Studying a rock and a hard place: Ancient magmas in Antarctica at the core of Yagle’s research

UW-Green Bay Environmental Science and Policy graduate Brian Yagle ’16 did his graduate work in the “Frozen Tundra” of Green Bay, Wis. Ironic then, that he studied a true frozen tundra, thousands of miles away, in the McMurdo Dry Valleys of Antarctica.

Yagle has never set foot in the barren oasis, but that hasn’t prevented him from digging deep into the volcanic desert, particularly the geology and the magma-mixing process, which is at the core of his master’s research.

Diagram of Intrusion Evolution

Diagram illustrating the evolution
of an igneous intrusion

Although mostly covered by snow and ice, Antarctica has an ancient history of volcanism. “To me, magma (molten rock) is pretty darn interesting,” Yagle says. “Understanding the magma-mixing processes is important because of the potential these processes have in initiating volcanic eruptions, and also in generating economic ores,” Yagle explains. “Igneous intrusions, similar to the one I am studying in Antarctica, have been linked to petroleum and ore deposits.”

But why Antarctica? About 180 million years old, Antarctica would have been incredibly volcanic, according to Yagle’s research mentor Prof. Ryan Currier. Huge volumes of magma were being generated and coursing through the crust, driven by the breakup of Gondwana (the supercontinent consisting of Africa, South America, Antarctica, India and Australia). Because of erosion and how the layers of rock are gently tilted, the McMurdo Dry Valleys offer a unique view of a magmatic plumbing system that can be traced from erupted lavas all the way down to about 3.5 km depth — near the field site being studied by Yagle.

Additionally, according to Yagle, the harsh, dry conditions within the Valleys have provided a landscape where snow doesn’t accumulate and soil doesn’t form, leaving an unobstructed view to the region’s magmatic plumbing system.

“It’s the perfect scientific observatory,” says Yagle. In search of a challenge for his thesis, Yagle approached Prof. Currier about this particular project. Currier worked there during his own graduate school experience, and brought back samples for further study.

“Understanding the processes of magma-mixing appealed to me and because it was an area of research that Dr. Currier had experience in and seemed to enjoy.”

“Magma is molten rock,” said Currier. “It’s a loose definition, because compositionally, magmas can be very diverse. When two different magmas come into contact with one another, there is the potential for magma-mixing.”

At the core of Yagle’s research was the discovery of how magma-mixing works by studying his field site, where multiple magmas collided, partially mixed, and solidified.

“Brian’s system of study is a neat one,” said Currier. “A 450 meter thick magmatic intrusion melted some of the surrounding crust, and then incorporated it. Then, a separate magma that formed from distillation-like processes formed inside of the intrusion. The result is a tiered magma body, each organized by density, with limited amounts of mixing occurring between each.”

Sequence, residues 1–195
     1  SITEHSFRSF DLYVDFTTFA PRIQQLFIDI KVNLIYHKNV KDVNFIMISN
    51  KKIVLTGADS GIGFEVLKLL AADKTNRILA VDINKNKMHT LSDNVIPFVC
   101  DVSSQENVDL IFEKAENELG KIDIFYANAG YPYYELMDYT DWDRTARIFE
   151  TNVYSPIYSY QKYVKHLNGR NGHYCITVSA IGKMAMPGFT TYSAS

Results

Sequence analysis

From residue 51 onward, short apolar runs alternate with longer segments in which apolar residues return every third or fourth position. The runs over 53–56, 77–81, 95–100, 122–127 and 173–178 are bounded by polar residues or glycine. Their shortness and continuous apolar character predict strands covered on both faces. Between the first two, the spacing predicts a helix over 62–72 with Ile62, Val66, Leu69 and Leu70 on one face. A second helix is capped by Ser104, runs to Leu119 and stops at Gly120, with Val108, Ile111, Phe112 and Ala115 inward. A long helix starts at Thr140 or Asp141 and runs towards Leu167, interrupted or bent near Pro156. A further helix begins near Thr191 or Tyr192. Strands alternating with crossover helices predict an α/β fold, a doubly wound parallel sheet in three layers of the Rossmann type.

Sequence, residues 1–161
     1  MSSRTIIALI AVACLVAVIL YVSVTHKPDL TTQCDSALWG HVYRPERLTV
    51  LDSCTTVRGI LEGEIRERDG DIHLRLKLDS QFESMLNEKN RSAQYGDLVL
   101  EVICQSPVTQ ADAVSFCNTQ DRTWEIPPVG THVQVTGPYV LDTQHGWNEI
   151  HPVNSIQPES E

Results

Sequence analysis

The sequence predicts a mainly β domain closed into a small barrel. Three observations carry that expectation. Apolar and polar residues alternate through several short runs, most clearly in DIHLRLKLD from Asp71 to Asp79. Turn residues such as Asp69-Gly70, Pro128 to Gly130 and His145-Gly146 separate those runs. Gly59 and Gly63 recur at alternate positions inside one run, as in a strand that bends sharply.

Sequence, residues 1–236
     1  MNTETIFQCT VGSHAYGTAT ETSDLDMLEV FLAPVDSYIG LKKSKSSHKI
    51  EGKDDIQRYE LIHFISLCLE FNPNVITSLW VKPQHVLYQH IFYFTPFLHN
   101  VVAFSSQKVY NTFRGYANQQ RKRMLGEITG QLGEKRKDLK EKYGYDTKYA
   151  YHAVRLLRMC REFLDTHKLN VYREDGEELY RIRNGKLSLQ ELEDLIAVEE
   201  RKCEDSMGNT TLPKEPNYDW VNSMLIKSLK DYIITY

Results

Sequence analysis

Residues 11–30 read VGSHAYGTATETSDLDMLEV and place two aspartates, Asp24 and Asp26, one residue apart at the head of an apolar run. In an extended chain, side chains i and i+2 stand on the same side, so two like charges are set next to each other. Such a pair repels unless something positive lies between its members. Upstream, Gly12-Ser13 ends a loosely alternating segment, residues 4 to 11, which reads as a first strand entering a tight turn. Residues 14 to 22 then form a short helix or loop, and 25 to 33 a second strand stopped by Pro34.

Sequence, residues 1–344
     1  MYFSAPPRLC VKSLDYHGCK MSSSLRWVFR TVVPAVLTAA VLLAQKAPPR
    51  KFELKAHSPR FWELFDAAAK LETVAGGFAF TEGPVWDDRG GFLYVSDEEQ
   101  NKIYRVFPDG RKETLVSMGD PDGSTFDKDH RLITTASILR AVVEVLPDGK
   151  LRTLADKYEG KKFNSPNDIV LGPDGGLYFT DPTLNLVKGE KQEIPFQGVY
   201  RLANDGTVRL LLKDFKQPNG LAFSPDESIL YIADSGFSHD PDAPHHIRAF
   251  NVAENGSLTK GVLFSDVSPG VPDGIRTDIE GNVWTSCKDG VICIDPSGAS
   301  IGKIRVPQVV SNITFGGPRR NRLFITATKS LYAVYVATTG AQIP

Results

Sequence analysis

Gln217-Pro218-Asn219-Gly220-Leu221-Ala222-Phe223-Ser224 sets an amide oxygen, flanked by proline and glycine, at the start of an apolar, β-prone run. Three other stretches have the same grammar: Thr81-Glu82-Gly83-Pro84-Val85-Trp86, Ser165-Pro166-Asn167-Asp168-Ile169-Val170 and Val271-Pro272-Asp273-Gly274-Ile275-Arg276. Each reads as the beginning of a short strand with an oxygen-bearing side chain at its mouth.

Yagle analyzed the chemistry and isotopes of 13 samples Currier brought back from his trip. And then it was a matter of a lot of microscope work and mathematical modeling. As with most UWGB-student research, Yagle received guidance from his faculty mentor to move through the project from start to completion in summer of 2016.

“With his help I was able to use the samples he collected to estimate the temperatures the two magmas were at when they were emplaced, the time it took the magmas to cool, and the amount of mixing that occurred.

“Brian discovered some really interesting phenomena in this magma-mingling system,” said Currier. “Mixing was limited in scope. Some samples appear to show clear chemical signs of mixing, but most samples show no signs of mixing. Mixing was really inefficient, at least in this system. The density stratified aspect of the magmas may be the only one ever observed in Nature.”

Prof. Currier said it has been a refreshing opportunity to re-experience Antarctica and to share in the excitement of learning from a truly unique environment with Brian.

“Brian was a model graduate student,” he said.  “He is by nature an extremely diligent worker, not just towards completing the task at hand, but also towards a deeper understanding as well. Magmas are complex, dirty, difficult to model substances,” Currier said. “From my perspective, Brian has made this project an absolute pleasure for me.”

Yagle, who has an internship with the Army Corps of Engineers while completing his master’s degree work, will soon begin work for its St. Paul, Minn. regulatory division. His job will be to enforce the Clean Water Act and the Rivers and Harbors Act.

“I will be shifting my studies from igneous petrology to wetlands,” Yagle says. “I am excited to tackle a new field of study, however, I really enjoyed my project with Dr. Currier. It completely changed the way I look at the world.” And in the distant future Yagle has an aspiration that requires completion.

“It is a dream of mine to go to Antarctica. It really is one of the final frontiers on Earth. I would jump at a chance to go there.”

Note: This is an update to the original story about Yagle’s research published in the Spring 2016 Inside magazine. Illustrations by Prof. Ryan Currier. Photos by Dan Moore.

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